Resat Nuri Güntekin

The following article is from The Great Soviet Encyclopedia (1979). It might be outdated or ideologically biased.

Güntekin, Reşat Nuri


Born Nov. 25, 1889, in Istanbul; died Dec. 7, 1956, in London. Turkish writer.

Güntekin graduated from the faculty of letters of the University of Istanbul in 1912. He taught French from 1913 to 1931. He was the cultural attaché in Paris and a deputy to the Majlis (1938–43). His first story, “Old Friend,” appeared in 1917. He is the author of the novels The Flower of Ruins (1918) and The Little Songbird (1922) and the plays A Real Hero (1918), The Dagger (1918), and A Bit of Stone (1926). Güntekin was one of the first Turkish authors to depict Anatolia, the provincial towns, and the oppressed Turkish countryside realistically and comprehensively in his novels and stories. Güntekin touched on the acute problems of the family, dealt with the interrelations of the individual and society, and exposed the clergy. In the novel Green Night (1928), Güntekin reflected the national liberation struggle of the Turkish people. Some of his works were written in a sentimental spirit. He translated works of J. J. Rousseau, M. Cervantes, E. Zola, and A. Camus. He wrote the book Leo Tolstoy, His Life and Works (1933).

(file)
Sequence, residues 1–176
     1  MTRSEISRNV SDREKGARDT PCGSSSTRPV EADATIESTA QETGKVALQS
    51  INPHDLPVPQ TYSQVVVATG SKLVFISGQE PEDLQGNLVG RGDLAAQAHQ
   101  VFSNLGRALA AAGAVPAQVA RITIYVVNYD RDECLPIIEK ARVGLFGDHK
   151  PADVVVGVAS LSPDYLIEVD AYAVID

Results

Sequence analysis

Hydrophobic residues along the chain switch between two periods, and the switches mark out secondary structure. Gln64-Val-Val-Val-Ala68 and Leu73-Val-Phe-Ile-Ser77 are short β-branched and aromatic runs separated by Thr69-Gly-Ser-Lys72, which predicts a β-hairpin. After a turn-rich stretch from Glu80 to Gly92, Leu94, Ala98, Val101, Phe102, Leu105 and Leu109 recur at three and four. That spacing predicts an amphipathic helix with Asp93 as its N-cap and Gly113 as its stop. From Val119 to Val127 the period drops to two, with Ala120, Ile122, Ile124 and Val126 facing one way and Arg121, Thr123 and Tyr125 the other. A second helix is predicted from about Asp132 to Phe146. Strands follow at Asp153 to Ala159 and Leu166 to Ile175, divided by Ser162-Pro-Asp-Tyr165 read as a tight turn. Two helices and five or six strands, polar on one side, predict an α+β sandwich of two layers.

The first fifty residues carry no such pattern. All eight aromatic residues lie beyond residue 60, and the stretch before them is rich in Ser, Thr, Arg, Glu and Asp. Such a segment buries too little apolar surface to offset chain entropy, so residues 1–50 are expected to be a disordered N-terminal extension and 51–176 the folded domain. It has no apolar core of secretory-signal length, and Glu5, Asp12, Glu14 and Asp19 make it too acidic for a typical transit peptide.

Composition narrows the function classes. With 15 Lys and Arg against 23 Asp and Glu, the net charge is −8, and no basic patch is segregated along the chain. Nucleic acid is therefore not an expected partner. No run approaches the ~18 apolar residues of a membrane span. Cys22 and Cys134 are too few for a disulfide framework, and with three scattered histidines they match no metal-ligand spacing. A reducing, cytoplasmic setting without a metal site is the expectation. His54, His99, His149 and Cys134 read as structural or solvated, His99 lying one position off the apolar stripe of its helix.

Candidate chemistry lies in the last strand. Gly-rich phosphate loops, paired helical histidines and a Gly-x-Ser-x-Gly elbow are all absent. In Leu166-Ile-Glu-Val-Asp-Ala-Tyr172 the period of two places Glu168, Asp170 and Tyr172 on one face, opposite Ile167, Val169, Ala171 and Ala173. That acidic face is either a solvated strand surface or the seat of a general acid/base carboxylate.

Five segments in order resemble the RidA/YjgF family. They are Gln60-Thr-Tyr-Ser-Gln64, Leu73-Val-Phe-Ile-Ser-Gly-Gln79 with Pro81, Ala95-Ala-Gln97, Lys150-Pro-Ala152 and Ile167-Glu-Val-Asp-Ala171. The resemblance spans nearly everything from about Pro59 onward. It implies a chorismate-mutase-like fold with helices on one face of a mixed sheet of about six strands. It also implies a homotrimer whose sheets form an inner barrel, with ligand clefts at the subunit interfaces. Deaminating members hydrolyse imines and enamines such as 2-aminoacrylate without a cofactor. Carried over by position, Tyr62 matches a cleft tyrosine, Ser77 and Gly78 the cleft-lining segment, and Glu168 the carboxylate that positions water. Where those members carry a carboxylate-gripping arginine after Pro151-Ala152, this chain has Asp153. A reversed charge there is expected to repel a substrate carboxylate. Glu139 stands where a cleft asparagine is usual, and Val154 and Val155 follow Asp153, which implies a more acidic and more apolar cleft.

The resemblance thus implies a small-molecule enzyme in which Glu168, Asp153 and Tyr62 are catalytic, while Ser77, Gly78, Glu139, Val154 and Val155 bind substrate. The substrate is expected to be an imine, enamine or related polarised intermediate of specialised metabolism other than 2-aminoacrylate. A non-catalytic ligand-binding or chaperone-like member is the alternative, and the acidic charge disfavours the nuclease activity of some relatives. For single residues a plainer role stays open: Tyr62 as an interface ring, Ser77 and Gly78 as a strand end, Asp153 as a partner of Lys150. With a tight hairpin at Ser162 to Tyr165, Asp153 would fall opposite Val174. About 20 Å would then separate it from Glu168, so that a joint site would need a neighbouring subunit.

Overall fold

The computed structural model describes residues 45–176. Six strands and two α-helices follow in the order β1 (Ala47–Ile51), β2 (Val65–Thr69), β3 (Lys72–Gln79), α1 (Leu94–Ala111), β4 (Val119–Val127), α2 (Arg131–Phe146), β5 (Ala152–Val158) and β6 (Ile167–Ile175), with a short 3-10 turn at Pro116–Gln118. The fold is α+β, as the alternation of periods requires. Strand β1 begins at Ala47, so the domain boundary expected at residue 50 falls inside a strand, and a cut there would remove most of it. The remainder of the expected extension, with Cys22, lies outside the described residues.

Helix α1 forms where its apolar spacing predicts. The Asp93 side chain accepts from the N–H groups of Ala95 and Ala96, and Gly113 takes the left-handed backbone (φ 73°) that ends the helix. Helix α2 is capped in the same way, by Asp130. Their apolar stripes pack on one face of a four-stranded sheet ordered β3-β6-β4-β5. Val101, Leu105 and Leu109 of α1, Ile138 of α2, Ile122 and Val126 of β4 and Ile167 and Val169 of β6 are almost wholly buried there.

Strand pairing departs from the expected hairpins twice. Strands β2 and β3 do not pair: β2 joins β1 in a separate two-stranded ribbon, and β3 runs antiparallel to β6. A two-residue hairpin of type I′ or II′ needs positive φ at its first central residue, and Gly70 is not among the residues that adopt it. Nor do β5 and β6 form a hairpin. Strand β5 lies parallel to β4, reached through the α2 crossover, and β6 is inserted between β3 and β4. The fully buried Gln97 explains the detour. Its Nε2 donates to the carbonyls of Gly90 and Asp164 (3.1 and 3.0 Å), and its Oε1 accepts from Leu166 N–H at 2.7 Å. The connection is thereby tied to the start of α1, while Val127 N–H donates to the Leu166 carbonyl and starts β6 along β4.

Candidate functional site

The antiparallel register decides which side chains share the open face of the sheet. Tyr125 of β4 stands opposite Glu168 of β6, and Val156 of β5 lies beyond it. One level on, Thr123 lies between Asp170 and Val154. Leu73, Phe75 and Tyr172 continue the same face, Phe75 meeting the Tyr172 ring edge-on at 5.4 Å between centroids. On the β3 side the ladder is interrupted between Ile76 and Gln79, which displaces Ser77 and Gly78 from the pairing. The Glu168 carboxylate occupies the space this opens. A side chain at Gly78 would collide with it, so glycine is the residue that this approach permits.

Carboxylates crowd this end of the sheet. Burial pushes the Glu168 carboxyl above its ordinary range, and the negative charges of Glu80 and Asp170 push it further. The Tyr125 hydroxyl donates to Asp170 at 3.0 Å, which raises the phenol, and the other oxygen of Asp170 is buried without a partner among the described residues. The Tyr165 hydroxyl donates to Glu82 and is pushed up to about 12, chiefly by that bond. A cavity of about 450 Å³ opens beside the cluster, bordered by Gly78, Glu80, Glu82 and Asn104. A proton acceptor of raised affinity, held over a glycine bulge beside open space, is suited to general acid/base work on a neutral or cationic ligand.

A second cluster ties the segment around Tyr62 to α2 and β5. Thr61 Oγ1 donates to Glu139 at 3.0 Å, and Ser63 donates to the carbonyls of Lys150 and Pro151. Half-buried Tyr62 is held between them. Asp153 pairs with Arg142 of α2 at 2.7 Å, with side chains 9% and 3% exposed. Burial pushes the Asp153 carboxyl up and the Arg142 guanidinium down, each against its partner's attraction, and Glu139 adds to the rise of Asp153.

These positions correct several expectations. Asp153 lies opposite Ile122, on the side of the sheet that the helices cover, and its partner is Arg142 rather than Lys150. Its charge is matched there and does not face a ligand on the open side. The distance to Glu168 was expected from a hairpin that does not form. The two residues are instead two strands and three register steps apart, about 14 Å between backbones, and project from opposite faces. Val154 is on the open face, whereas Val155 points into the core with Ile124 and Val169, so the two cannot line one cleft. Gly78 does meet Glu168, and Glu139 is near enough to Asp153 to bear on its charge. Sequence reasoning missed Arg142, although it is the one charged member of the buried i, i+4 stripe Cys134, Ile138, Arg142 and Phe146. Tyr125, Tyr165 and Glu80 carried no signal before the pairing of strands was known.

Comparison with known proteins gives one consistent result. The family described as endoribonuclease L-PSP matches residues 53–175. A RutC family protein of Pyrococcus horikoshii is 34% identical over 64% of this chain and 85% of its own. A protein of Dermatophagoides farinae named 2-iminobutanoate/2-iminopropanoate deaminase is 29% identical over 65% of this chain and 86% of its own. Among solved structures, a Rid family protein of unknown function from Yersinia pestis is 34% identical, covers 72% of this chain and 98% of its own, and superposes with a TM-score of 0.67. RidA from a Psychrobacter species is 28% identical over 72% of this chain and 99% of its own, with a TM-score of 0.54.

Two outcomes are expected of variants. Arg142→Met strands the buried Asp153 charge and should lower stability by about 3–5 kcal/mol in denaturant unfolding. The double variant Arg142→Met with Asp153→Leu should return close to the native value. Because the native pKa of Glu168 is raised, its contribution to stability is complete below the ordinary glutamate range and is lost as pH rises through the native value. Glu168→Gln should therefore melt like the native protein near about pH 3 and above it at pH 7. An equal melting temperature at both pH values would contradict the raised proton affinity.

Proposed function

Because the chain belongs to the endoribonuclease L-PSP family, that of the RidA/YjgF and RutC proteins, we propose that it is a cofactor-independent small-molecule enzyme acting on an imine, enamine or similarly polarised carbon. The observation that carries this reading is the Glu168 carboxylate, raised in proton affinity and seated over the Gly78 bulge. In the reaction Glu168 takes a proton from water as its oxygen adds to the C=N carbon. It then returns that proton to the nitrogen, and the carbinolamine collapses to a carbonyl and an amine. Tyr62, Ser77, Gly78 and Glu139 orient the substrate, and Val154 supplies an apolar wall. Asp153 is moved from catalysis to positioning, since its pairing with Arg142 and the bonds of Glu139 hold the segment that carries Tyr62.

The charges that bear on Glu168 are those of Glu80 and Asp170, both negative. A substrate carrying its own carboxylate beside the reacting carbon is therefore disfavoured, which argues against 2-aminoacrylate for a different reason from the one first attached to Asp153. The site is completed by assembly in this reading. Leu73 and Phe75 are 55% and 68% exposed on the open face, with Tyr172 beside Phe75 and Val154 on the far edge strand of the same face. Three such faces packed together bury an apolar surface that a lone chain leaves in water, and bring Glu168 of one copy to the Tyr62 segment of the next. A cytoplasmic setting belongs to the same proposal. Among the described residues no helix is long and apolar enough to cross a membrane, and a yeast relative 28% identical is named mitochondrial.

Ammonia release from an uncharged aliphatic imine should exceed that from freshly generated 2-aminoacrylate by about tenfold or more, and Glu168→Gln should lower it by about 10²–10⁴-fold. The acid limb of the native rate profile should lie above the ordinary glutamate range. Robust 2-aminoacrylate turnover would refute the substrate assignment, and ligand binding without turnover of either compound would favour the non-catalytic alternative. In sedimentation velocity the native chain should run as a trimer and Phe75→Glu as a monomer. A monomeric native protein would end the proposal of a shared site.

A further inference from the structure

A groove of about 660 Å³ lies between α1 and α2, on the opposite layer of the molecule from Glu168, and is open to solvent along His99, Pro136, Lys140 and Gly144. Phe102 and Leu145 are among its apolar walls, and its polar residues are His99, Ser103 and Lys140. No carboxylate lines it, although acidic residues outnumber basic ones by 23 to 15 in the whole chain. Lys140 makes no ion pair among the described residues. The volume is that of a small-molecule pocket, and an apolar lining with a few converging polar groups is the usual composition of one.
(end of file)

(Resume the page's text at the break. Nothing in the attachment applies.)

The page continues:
Kiilliyat, vols. 1–25. Istanbul, 1956–62.
Anadolu notlan, vols. 1–2. Istanbul, 1962–66.
In Russian translation:
Ptichka pevchaia. Moscow, 1966.
Zelenaia noch’. Moscow, 1963.
Kleimo, Listopad, Mel’nitsa: Romany. Moscow, 1969.


Al’kaeva, L. O. Ocherki po istorii turetskoi literatury 1908–1939 gg. Moscow, 1959.
Poyraz, T., and M. Alpbek. Resat Nuri Güntekin, hayan ve eserlerin tam liste si. Ankara, 1957.
Yücebas, H. Bütün cepheleriyle Reşat Nuri. Ankara, 1957.
Uyguner, M. Reşat Nuri Güntekin. Istanbul, 1967.
Kabakh, A. Türk edebijati, vol. 3. Istanbul, 1969.


The Great Soviet Encyclopedia, 3rd Edition (1970-1979). © 2010 The Gale Group, Inc. All rights reserved.